Detour to the City of Clocks

Tuesday morning, as we prepared to leave Racine for Port Washington, there were beautiful blue skies and a marine forecast of winds out of the Northeast, 10-15 knots, waves 2-4 feet.

"It's going to be rocky," Mark said.

Not that I didn't believe him, but I had this idea that we'd be granted special clearance - like God would split the waves just to make a calm path for our 5 1/2 hour journey. I fully expected to be in the City of Seven Hills by dinner.

Mark was right. Those 2-4 foot waves were closer to 4 or 5, and luckily we were heading into the waves, rather than rolling along sideways, so that our nose went up and down rather than side to side, which cuts down on sea sickness, though I concentrated on keeping my muscles loose, my hands and jaw unclenched - tension only makes sea sickness worse.

I sat at the helm, managing the roller coaster ride, while Mark checked the engine room. Grey clouds rolled in from the west, so that half the lake was blue beneath blue skies, the other half grey. Milwaukee loomed in the distance. We kept riding the waves, spray shooting over the bow of the boat, soaking us up on the fly bridge. Milwaukee closed in. Mark and I counted the minutes to Port Washington: we still had three hours to go.

"It's going to clear up after Milwaukee," I announced, for no other reason than there are no other harbors between Milwaukee and Port Washington, and surely God was about to grant us a reprieve. But then reality (the "real" God as opposed to my "fantasy" God) appeared before me: the field of white caps had tripled: this was not going to get any easier.

"Can we go into Milwaukee?" I asked Mark.

I didn't have to ask twice. We very carefully switched places so that he took the helm, and I took on the new job of making sure nothing fell overboard as we tilted back and forth at 20 degree angles. As we headed toward shore, rocking side to side, I fleetingly thought of the chaos happening inside the cabin, and our poor cats - but at this point, it was every man for himself.

Once docked at McKinley Marina, we went down into the cabin - the place had been ransacked by reckless thieves. The stereo and lamp lay on their sides, the kitchen counter on the floor, the contents of the fridge across the room. There were books and papers and drawers all over the forward cabin. I hadn't tightened the windows in the forward cabin, and the entire office - including computers - were wet. Hunter and Leo were huddled, terrified, near our pillows in the aft cabin, cat puke everywhere.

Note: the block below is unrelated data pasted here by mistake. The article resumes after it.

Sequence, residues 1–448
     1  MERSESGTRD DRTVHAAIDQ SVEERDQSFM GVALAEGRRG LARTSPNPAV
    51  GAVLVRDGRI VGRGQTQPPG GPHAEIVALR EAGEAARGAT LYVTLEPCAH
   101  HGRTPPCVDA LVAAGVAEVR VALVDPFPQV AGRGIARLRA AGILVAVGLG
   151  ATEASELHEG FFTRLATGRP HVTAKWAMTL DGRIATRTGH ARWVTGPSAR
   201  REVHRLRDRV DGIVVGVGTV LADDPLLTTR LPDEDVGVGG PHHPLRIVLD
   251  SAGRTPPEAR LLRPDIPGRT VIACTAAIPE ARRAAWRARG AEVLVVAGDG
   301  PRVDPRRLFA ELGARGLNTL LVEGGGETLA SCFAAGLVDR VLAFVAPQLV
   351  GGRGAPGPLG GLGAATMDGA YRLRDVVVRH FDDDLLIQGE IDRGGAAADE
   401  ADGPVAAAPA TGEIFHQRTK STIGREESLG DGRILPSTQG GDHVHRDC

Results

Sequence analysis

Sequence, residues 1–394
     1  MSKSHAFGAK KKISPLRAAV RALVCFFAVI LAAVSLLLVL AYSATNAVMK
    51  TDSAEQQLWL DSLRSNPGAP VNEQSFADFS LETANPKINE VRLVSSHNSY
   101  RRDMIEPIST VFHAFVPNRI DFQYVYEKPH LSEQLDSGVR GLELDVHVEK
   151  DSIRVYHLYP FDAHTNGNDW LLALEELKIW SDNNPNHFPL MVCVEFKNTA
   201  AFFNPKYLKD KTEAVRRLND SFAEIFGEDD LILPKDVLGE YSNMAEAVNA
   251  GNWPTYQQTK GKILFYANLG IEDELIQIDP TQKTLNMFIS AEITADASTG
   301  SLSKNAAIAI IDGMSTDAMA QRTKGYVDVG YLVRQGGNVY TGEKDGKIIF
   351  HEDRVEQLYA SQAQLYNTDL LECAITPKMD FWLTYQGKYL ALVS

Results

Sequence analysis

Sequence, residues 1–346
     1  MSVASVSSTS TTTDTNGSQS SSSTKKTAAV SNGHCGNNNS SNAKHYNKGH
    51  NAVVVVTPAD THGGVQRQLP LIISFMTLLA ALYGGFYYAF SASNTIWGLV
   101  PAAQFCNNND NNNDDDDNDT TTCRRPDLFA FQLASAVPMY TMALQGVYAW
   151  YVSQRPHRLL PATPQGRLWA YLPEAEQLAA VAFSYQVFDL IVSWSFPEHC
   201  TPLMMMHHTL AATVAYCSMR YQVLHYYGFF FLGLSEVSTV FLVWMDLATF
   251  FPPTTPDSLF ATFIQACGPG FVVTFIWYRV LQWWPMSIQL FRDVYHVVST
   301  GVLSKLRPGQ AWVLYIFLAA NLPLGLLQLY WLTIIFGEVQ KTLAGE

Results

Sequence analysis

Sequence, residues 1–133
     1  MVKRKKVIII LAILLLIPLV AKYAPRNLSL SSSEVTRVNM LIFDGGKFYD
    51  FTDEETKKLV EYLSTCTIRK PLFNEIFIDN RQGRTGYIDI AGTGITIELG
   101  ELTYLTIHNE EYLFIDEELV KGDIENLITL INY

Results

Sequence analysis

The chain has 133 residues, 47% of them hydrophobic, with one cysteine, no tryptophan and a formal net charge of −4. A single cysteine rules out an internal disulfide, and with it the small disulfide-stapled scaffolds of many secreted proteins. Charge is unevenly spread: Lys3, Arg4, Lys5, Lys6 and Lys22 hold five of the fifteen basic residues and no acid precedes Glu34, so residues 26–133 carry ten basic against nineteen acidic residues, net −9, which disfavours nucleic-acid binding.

We were upset.

I was mad at myself for not battening down the hatches, mad that electronics were wet, cats were sick, and we were in Milwaukee. Milwaukee's a fine city - but it's just that: a city. McKinley Marina and its encompassing park look far too much like our home in Belmont Harbor and Lincoln Park. The sound of traffic and sirens in the distance was daily life, and this was vacation. I wanted small, quaint, provencial towns. But at least we were safe, and nothing was broken, and even though it was a pain to put everything back in its rightful place, in a couple hours we were done.

While replacing the contents of my bathroom cabinet that had fallen into the sink, I found my favorite perfume - Calvin Klein's "Euphoria," (the first gift Mark gave me) - and put some on. Right then, I started to feel a little more like myself.

We spent a low-key evening in the City of Clocks. I caught up on emails and phone calls, and Mark fixed stuff: the cup holder on the fly bridge and a windchime; he even got out his sewing machine and stitched up pants that had torn. I kept turning on the weather report, hoping it would suddenly change, but it remained constant: forecast for Wednesday was NE winds 10-15 knots, waves 2-4 feet. Exactly what we'd just come through.

"The boat can handle it," Mark said, "but can we?"

Before going to bed, I made myself stand out on the deck and take in the city. I was powerless over the weather. If we had to spend another day in Milwaukee, we could visit the art museum and the farmer's market and bike around. Maybe it wasn't what I was expecting, but it would be okay.

The next morning, Mark was up early, returning from Home Depot with a new bolt for the alternator and some coffee for me before it was even 7 o'clock. "It looks calm out there," he said, "Let's make a run for it."

We battened down the hatches for real this time, preparing for the worst. And though the weather report was exactly the same, the lake was completely different - she was calm, soothing, without a white cap in sight.

I learned something important today: weather reports and radars are not to be relied upon. Better to look at the reality right in front of you. And listen to the captain when he says, "Let's make a run for it!"

1 comment:

Anonymous said...

I got seasick just reading your blog. You are a good mate, I would have been screaming and telling the captain to turn around and take me back to shore.